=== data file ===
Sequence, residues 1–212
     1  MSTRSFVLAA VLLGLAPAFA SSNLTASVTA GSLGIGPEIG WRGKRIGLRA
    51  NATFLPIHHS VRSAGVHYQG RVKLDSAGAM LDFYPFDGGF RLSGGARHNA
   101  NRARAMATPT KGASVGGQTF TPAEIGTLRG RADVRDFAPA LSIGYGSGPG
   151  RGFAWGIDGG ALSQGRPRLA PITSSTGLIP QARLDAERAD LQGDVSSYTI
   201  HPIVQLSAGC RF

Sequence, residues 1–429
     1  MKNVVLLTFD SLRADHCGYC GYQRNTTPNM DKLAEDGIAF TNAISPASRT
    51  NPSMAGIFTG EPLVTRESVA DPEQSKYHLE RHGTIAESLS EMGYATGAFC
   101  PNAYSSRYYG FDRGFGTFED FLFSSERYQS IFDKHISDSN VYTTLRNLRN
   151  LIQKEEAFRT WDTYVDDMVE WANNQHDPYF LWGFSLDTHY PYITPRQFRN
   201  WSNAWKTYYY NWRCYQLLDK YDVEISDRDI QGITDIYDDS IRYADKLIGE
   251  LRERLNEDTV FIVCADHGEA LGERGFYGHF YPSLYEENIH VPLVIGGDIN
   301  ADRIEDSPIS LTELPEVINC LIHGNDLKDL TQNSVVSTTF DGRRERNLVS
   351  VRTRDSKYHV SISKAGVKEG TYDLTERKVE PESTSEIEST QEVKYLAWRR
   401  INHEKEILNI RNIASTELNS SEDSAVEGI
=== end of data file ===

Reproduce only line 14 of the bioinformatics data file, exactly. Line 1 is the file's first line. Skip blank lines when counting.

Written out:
   301  ADRIEDSPIS LTELPEVINC LIHGNDLKDL TQNSVVSTTF DGRRERNLVS